NPK ratios?

Thu, 31 Jan 2008 02:42:42 PST
Jim, Hannon,

most phosphorus is supplied in nature as animal wastes (guano is high in 
PO4) and will typically not be readable as a major component of most 
soils.  It simply is removed very quickly and does not easily combine 
with other soil elements.  Nitrogen can combine with calcium rather well 
and remain stored. Not that I think that it is overly important in the 
ratio, just that its very nature is quite different than nitrogen or 

As to its importance, it is further down the line of nutrients, but is 
very neccessary for all plant developement.

Jim mentioned that ammonias are not taken up directly by plants, which 
is quite true.  Ammonia (NH4, that is nitrogen with 4 hydrogen atoms 
attached) is first converted to NO2 via bacteria.  This is the first 
step of nitrification.  Plants are still incapable of using this 
compound.  It is further brocken down to NO3 via other bacteria and then 
is available to plants as their main energy source.

The total equation runs something like this:

2NH4 + 2OH + 3O2  >  2H+  + 2NO2-  from which the H (hydrogen) 
evaporates/recombines leaving 2NO2-  + O2  >  2NO3 , with nitrate as the 
end product.  The process is understood, but the actual bacteria are 
still not 100% confirmed.  It may be various types in various 
environments, as this is a fundimental process found in all organic systems.

As to ratios in general, I believe one must consider what they wish to 
achieve and how they plan on doing that.  A plant in a container is not 
really a very natural thing.  The potting mixes, other than providing 
nutrients and a specific type of substrate for the plant, also provide a 
specific type of environment for other life forms.  A classic case is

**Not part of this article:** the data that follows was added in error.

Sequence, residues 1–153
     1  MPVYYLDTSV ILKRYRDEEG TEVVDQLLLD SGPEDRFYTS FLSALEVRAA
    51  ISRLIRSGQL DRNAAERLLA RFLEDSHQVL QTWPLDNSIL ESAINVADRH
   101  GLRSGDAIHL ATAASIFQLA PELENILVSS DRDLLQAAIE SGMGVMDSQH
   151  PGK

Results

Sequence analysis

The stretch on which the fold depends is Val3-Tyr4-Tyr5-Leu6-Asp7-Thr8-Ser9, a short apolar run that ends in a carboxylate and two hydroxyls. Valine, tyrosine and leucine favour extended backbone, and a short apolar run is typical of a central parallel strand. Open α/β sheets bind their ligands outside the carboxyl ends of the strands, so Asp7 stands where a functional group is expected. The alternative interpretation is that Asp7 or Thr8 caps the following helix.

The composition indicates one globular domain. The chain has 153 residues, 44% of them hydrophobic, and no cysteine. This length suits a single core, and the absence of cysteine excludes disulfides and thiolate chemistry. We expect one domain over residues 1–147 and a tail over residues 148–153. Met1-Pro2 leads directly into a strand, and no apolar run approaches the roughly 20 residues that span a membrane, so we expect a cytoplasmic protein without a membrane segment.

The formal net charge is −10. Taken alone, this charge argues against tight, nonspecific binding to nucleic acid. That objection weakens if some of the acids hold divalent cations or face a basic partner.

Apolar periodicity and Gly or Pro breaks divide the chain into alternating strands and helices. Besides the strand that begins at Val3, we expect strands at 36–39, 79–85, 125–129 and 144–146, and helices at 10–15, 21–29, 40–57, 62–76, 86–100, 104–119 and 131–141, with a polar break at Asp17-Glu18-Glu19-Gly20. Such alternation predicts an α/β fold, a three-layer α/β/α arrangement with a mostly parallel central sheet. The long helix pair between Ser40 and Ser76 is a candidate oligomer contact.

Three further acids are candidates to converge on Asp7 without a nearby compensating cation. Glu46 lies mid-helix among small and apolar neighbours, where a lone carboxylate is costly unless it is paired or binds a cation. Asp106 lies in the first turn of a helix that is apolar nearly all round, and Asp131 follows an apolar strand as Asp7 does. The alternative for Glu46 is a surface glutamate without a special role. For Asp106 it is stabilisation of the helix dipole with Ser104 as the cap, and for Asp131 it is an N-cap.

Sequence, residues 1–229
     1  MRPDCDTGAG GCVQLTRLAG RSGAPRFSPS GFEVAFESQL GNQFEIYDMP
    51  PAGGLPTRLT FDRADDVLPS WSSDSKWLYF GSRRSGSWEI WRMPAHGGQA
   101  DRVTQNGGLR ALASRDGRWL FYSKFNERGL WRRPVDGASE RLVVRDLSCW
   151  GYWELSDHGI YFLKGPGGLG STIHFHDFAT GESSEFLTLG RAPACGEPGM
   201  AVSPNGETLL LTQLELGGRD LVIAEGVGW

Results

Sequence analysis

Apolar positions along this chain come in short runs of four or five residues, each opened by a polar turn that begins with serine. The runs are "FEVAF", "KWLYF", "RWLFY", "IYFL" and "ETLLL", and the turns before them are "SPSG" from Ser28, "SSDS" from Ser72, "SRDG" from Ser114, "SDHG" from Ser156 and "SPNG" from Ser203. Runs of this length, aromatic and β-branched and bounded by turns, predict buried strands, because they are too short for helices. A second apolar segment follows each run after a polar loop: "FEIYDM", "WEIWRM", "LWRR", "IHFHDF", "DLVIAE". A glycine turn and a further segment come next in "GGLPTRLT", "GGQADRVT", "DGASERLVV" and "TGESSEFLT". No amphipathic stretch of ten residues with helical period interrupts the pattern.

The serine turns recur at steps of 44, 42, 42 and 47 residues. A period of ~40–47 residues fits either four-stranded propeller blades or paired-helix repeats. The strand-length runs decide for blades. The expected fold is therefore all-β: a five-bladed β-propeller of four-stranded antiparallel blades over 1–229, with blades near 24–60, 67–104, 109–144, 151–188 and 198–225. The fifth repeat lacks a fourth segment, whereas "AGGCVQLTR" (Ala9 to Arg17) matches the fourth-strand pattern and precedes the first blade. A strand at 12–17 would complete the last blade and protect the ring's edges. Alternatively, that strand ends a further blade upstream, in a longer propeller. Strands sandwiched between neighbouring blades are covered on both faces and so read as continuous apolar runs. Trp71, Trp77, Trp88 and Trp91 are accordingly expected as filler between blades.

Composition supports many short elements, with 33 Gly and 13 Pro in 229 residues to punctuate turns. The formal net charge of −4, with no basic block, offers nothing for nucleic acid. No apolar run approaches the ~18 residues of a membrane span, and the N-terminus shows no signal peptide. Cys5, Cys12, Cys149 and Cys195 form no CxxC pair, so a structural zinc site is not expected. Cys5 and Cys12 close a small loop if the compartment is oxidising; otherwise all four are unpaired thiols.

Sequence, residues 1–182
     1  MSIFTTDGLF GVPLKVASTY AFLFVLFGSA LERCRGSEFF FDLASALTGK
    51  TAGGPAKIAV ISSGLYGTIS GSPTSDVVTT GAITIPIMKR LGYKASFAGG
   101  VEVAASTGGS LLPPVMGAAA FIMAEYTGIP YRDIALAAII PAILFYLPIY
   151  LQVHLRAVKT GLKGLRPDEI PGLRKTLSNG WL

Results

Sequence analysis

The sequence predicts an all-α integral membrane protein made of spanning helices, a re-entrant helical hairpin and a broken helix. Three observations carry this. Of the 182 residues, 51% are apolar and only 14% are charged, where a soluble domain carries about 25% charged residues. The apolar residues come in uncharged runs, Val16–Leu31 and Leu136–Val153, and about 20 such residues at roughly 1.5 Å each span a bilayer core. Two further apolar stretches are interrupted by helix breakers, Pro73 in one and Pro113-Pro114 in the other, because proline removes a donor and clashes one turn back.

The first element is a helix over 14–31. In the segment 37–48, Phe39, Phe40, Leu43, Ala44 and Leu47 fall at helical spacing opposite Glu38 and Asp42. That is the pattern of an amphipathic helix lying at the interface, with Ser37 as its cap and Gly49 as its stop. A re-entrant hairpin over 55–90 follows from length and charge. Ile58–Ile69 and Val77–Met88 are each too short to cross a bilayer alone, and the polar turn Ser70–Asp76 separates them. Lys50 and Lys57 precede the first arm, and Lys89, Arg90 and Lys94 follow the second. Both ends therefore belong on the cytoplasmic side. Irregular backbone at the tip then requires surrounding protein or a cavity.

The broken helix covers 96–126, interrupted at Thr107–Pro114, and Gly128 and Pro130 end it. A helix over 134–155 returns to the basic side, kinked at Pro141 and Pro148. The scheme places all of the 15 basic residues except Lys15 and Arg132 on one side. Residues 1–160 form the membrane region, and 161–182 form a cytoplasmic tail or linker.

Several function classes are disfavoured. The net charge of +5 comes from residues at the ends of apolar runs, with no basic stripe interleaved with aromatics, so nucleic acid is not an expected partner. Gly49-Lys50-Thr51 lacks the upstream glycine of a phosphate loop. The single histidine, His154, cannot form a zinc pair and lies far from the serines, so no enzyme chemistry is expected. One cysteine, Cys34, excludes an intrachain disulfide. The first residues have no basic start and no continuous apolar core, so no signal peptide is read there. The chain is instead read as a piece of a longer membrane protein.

with potted orchids.  When they are planted in pine bark they require 3 
times the nitrogen as when they are planted in a non reactive medium.  
The bacteria found in pine bark take up nitrogen to degrade the bark at 
an enourmous rate!  The catch is, when the bark is finally digested by 
the bacteria, the nitrogen is once again available, often burning the 
roots of the plant!  A reason why repotting is an important issue in 
general.  It is not just a case of providing new material for the plant, 
rather a complete exchange to remove dangerous wastes, as well.

As bulbs are largely resting plants, with only a handful being quasi 
evergreen, they are storage oriented.  This would indicate a larger 
requirement of PO4, which, assumedly in nature, is provided by animal 
droppings diluted and transported via the seasonal rains.  Although I am 
not certain, it is possible that these same rains dissolve potassium 
(K+) from the soil.  I take it this reaction will largely hang from the 
soil type.

Something that lit a little light in my head was Jim's mention that 
bacteria are a general enemy of bulbs.  Of course, this is generalized, 
as there are beneficial bacteria involved, it's just dependant on the 
view point!  Could feeding ammonia based fertilizers exacerbate the 
bacterial problems?  Clearly, the plants cannot profit directly from 
ammonias, rather require a converted form (nitrates) to process.  This 
would tend to say that, especially for potted plants in a closed 
environment, that urea is a poor nutrient!  It is ammonia and must first 
be assimilated by bacteria before the plants can profit from it.  In the 
open garden this may not be a problem, but in a pot, it could simply 
feed the bacterias and damage the plant.

Just a few thoughts,

by the way, I always choose a lower nitrogen fertilizer, such as a 
14-9-15 (+2Mg +Tr) time release (8 month), but that is only low in 
relation to the potassium!  I use this with all my potted plants.

Jamie V.


Köln (Cologne)
Zone 8

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